Free Trade Agreement: Implications for patents and designs
By Marta Garcia
The European Union (EU) and the four founding members of sub-regional trade bloc Mercosur (Argentina, Brazil, Paraguay, and Uruguay) have been negotiating a free trade agreement (FTA) for the last 17 years as part of a broader Association Agreement between the two regions.
After a pause in the EU-Mercosur negotiations in 2012, these were re-launched in May 2016. Since then, there have been several rounds of negotiations, with the pace picking up in recent months.
The current EU proposal for the FTA comprises a chapter on intellectual property rights (IPR) covering standards concerning copyright, trademarks, designs, geographical indications, patents and plant varieties, as well as a section regarding IPR enforcement.
Regarding industrial designs, the EU proposal establishes in its Article 6.1 that the parties shall implement the Geneva Act to the Hague Agreement Concerning the International Registration of Industrial Designs (which establishes an international system – the Hague System – that allows industrial designs to be protected in multiple countries or regions with minimal formalities). Regarding the term of protection, under article 6.3 of the EU proposal, the duration of protection available shall amount to 25 years from the date of filing of the application. Additionally, article 6.6 establishes that a design shall also be eligible for protection under copyright law as from the date on which the design was created or fixed in any form.
The report from the 30th negotiation round in November 2017 states that the agreement section on designs was tentatively completed. However, the actual text in the final agreement will be a result of negotiations between the EU and Mercosur.
The chapter regarding patents states that the parties shall comply with the Patent Cooperation Treaty (PCT), of which neither Argentina and Paraguay norUruguay are yet part.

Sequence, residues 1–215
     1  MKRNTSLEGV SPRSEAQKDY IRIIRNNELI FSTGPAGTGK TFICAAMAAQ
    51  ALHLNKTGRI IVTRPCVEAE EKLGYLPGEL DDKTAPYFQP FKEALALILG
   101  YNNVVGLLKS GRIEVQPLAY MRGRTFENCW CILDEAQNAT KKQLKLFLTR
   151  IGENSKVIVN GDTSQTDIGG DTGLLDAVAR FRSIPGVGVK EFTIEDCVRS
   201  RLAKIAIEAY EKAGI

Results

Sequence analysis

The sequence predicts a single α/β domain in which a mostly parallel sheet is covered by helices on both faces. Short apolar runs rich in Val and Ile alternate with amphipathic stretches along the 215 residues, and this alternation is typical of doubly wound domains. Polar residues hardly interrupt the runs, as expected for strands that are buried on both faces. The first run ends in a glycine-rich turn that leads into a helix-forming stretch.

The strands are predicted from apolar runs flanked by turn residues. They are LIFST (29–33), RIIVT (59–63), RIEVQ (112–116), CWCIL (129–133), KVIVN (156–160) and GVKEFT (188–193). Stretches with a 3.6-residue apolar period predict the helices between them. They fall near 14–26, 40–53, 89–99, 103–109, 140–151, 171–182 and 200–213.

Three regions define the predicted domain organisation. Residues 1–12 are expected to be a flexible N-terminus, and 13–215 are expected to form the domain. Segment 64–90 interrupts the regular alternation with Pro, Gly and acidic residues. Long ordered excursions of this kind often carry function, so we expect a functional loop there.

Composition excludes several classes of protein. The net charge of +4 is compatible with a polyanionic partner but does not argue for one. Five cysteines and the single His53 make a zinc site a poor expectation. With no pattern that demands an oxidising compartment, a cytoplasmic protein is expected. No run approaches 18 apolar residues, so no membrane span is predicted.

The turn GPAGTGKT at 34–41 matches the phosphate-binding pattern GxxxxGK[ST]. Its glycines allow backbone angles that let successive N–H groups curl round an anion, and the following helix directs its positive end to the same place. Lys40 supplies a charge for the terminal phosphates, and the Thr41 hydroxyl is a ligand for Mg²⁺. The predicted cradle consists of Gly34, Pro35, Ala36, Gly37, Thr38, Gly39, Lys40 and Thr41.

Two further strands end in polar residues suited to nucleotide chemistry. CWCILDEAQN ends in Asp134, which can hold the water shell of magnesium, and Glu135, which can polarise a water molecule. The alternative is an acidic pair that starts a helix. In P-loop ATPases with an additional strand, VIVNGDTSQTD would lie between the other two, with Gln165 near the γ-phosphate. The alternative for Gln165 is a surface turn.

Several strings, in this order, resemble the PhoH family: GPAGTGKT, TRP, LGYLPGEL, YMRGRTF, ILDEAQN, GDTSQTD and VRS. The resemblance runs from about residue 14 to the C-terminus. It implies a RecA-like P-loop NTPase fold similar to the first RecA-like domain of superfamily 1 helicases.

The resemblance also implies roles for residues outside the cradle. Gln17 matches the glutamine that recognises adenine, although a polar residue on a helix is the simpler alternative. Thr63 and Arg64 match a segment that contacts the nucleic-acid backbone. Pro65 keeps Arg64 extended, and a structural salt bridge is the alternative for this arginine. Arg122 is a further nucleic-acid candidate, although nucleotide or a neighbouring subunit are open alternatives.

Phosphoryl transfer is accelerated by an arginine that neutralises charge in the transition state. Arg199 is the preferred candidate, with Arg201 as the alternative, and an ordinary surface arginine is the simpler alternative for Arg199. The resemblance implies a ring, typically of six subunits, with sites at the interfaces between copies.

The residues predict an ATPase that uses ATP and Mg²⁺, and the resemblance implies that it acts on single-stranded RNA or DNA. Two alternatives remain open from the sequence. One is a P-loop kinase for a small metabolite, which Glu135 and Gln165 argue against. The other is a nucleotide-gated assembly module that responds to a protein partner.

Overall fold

Out of the three non-PCT Mercosur members, as we previously reported here, only the Uruguayan Parliament is currently discussing its adhesion to the PCT.
Regarding Argentina, it is worth mentioning that a Memorandum of Understanding (MoU) on technical co-operation was signed by the European Patent Office (EPO) and the Argentine PTO (INPI) in May 2017, which was recently discussed during the visit of the EPO President BenoîtBattistelli to Argentina last February. One of the aims of the MoU is to encourage the use of the PCT system and raise awareness about its benefits.
Article 8.2 – Patents and Public Health – of the EU proposal’s IPR chapter expresses the EU’s commitment to the World Trade Organization (WTO) Doha Declaration on the Trade Related Aspects of Intellectual Property (TRIPS) and Public Health, stating the following:
“The Parties recognize the importance of the declaration on the TRIPS Agreement and Public Health, adopted on 14 November 2001 (hereinafter referred to as the “Doha Declaration”) by the Ministerial Conference of the WTO. In interpreting and implementing the rights and obligations under this Chapter, the Parties shall ensure consistency with the Doha Declaration.”
Notwithstanding the above, the EU proposal text on IPR includes articles on patent term extensions and data exclusivity, probably two of the sections on which positions between the EU and Mercosur are farthest apart.
Articles 8.4 and 8.5 of the EU proposal establish extensions of the patent term to compensate for unreasonable delays in the grant of marketing approval of a medicinal product or a plant protection product.The period of extension is the period that elapses between the filing of the application for a patent and the first authorization to place the product on the respective market, reduced by a period of 5 years. There is no proposal of extension due to unreasonable delays by national patent offices in granting the patent.
Regarding data protection, Articles 10.2 of the EU proposal establishes that parties shall not permit any other applicant to market the same or a similar medicinal product, on the basis of the marketing approval granted to the party which had provided the results of pre-clinical tests or of clinical trials for a period of […] years (not specified in the proposal) from the date of marketing approval.
According to the report from the 28th negotiation round in July 2017, “some divergences of views remain, notably regarding the level of protection as compared to TRIPS and certain international Treaties of which Mercosur countries are not yet members. Mercosur noted their concerns on patents and regulatory data.” Additionally, the last published report from the 30th negotiation round in December 2017 states that “on protection of regulatory test data in patents, the EU tabled a revised proposal but positions are still apart.”
Check back to Moeller’s blog to see updates about any developments on this matter.